As bittersweet as it was for your parents to watch you grow up and leave the nest, becoming the primary caregiver for your mom or dad can be even more emotionally taxing. Not only will you be dealing with the physical challenges of caregiving, you’ll also be reversing the traditional role you’ve played with your parent in respect to caregiving. This can have significant negative consequences on your mental health if you aren’t prepared for the challenge. Ebenezer Senior Living has compiled a list of ways to keep yourself and your loved one stable during this difficult transition.
Join a Support Group
Joining a support group for other adult children caring for their parents can be a tremendous help. In fact, you could look into joining a group as soon as you decide to become your parent’s caregiver, before you start feeling the strain or before you even start caring for them. It’s always reassuring to know you aren’t alone and that many others are going through the exact same struggles. It will also help give you a different perspective so you aren’t spending too much time in your own head.
Try to See Their Point of View
As challenging as this role reversal is for you, it’s just as difficult for your parent. They may become belligerent, lash out at you, or reject your offers of help, especially if they are dealing with memory problems. When this happens, try not to take it personally. Let your parent air out their frustrations, listen to them, and reassure them. If you notice that they seem down, take the initiative and do something nice for them, like going on a walk or treating them to a favorite meal. Remember, you’re in this together.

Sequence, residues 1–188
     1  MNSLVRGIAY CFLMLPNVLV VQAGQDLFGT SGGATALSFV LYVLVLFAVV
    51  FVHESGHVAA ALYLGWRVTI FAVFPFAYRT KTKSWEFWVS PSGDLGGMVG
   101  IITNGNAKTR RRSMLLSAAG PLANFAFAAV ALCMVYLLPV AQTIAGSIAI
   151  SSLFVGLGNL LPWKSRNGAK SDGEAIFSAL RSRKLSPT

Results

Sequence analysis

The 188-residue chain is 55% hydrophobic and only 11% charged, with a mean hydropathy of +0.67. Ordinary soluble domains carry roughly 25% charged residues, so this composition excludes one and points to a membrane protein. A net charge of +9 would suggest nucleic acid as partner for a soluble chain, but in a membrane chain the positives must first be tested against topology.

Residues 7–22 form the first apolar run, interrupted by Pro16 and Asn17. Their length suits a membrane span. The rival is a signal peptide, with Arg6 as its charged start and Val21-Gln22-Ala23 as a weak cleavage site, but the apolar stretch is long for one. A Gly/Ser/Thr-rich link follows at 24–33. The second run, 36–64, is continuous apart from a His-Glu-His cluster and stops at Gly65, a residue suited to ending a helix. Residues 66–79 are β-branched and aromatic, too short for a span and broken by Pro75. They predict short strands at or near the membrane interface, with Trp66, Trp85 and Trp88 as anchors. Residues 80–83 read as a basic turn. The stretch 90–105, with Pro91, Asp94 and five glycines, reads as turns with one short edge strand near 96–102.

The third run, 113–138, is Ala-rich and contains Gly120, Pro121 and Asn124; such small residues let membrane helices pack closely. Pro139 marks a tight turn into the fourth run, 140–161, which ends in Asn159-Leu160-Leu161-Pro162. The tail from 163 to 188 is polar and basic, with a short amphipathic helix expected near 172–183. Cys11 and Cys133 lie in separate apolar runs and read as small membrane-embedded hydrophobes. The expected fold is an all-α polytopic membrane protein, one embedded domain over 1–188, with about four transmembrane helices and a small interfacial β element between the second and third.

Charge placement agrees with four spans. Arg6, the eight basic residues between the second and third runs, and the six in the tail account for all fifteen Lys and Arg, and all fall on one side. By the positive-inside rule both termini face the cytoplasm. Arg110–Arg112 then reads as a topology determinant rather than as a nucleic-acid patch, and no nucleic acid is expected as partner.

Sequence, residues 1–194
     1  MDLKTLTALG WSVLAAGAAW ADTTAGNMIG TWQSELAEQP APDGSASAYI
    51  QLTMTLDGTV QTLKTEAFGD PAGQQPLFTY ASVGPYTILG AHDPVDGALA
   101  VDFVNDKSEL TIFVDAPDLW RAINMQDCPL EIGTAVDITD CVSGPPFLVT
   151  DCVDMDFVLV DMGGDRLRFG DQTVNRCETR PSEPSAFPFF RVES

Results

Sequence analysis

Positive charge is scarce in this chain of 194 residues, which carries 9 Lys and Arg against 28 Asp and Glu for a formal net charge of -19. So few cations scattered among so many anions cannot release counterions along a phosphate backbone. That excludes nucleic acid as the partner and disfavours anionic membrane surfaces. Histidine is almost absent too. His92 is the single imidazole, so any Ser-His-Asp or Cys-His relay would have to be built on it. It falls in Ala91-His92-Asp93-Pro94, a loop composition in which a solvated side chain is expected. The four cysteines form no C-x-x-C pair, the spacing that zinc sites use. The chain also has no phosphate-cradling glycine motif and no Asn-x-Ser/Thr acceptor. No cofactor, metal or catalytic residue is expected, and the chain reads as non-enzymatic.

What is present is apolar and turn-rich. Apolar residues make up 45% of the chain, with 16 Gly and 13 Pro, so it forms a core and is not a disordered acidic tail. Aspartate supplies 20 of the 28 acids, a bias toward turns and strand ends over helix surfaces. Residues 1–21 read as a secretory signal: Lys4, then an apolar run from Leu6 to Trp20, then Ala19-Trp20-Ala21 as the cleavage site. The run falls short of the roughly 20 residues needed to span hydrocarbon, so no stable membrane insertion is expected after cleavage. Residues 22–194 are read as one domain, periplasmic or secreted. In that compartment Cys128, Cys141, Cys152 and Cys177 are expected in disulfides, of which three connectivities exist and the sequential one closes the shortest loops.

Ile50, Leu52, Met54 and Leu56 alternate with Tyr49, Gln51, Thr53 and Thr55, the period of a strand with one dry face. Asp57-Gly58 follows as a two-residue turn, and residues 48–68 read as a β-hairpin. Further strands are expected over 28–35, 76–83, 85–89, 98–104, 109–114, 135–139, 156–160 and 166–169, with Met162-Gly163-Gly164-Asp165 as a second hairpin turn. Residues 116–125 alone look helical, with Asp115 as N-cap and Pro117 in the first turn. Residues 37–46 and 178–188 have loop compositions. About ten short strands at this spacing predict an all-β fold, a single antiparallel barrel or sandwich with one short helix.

Remember to Take Care of Yourself
It’s easy to become consumed with your caregiver duties, especially if you’re worried about your parent’s physical or mental state. However, if you start neglecting your own mental health, your loved one will suffer as well. Set aside some time for yourself every day – for example, when your parent is napping or enjoying a show. If you find yourself becoming easily annoyed or frustrated, ask yourself if you’ve eaten yet or if you’ve slept long enough the previous night. If these issues persist, you may want to seek out a therapist for yourself or both you and your parent.
Look Into Respite Care Resources
Many senior living communities offer short-term respite care or stay-by-the-day programs designed for primary caregivers who need somewhere for their loved one to go when they aren’t available or when they need a break. Again, this is something you should do before the issue comes up, not while it’s happening. Locating a nearby senior living community that offers this service – like Ebenezer – will help ease your worries if you need to take an extended trip on short notice or if you simply can’t handle your daily responsibilities for whatever reason.
We hope that these tips helped ease your worries about becoming your parent’s primary caregiver or helped alleviate any issues you’re currently facing. If you and your loved one are considering making the move to a senior living community full-time, check out Ebenezer’s resources page.